I'm not sure why openMQ is ignored here, since it has out of the box clustering and high availability that is very easy to set up and use, as well. I like and use rabbitmq, but mostly because I have clients that aren't java interacting with my messaging system, not because I have found openMQ to be lacking in features compared to rabbitmq. I'm not sure what oracle have done with openmq since the acquisition, but I found it really stable, easy to use, and feature rich last time I had need of a JMS solution. It was every bit as easy to use as rabbitmq. That said, rabbit most definitely gets the job done as well. I've got no complaints.
And I don't use any plugins for my spring-integration functionality. Getting things working requires nothing more than wiring some beans together via spring and annotating some methods in service classes, so I didn't see any reason to bury that inside a plugin. Most of my developers hardly even know spring integration is installed, since I have services wired together directly in the environments they use for development. I've got test/CI systems, production, and my own development system wired together with spring-integation and rabbit and that's about it. Unless someone else writes code that happens to break when it runs via spring-integration in continuous integration builds, other devs don't need to know anything about setting up and running messaging, and most stuff just works. Obviously, they know it is there, but it doesn't interject itself into their day-to-day coding very often.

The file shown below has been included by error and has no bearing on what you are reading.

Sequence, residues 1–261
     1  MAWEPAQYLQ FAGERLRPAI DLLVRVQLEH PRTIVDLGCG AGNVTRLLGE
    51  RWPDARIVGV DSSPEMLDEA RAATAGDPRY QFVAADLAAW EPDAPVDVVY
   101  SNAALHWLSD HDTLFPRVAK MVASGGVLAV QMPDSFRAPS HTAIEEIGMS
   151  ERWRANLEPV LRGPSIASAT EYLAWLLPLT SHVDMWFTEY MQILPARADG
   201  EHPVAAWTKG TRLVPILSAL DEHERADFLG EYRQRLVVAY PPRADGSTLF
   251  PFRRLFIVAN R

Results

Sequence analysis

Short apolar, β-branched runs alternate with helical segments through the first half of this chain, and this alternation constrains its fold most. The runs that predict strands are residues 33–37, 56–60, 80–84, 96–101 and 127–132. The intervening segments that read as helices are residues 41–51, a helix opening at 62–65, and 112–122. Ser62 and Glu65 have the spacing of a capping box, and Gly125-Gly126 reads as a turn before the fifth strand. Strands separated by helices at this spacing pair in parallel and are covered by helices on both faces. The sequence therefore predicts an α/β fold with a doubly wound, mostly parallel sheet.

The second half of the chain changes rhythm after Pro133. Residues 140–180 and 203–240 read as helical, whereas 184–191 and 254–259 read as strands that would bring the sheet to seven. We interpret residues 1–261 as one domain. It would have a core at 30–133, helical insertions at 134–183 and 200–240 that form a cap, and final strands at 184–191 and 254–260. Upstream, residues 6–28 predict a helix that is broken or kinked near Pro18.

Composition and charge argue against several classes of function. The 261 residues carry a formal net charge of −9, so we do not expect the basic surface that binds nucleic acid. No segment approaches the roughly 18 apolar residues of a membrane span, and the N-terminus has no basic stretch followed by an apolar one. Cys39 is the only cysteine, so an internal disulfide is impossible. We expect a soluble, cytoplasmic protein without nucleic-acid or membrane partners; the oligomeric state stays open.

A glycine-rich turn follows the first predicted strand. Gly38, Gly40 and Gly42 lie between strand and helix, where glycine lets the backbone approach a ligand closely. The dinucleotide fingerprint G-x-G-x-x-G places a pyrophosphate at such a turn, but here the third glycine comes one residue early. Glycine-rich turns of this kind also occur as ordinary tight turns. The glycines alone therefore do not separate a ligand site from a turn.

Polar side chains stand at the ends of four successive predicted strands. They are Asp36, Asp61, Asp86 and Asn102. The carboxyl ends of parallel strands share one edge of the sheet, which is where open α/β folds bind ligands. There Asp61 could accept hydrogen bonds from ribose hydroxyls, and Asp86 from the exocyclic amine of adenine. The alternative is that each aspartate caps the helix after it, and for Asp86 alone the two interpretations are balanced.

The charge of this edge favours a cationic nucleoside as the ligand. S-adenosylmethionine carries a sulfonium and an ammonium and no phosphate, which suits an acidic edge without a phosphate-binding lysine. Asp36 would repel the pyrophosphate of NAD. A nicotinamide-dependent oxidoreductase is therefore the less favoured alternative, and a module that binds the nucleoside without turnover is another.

Guys as the discussion came up I have a question .
Apollo seems to be the successor of ActiveMQ any usage based comments on that?
On Tue, Oct 9, 2012 at 5:41 PM, Samuel Gendler <[hidden email]> wrote:
Ravi Teja Lokineni | Software Engineer
SemanticBits India Pvt. Ltd.
In reply to this post by a.shneyderman
One thing where I like ActiveMQ over what I can see from Rabbit is networking brokers. I can run an ActiveMQ broker on my localhost and with a line or two in the config tell it to connect to a broker on a remote server and send it messages whenever the connection is available. The disconnect/reconnect handling logic is well done.
The upshot of this is that when I need to connect my application to the main message broker via an unreliable network connection, I can offload the connection handling issues to ActiveMQ by running a broker on the same machine as my application and queueing messages there, as this broker is always available to my application. The broker will store messages and pass them on to the main broker whenever the link is up.
If I don't do this, I effectively have to write a message queue in my own code to handle connection errors, which defeats part of the purpose of running a message queue at all.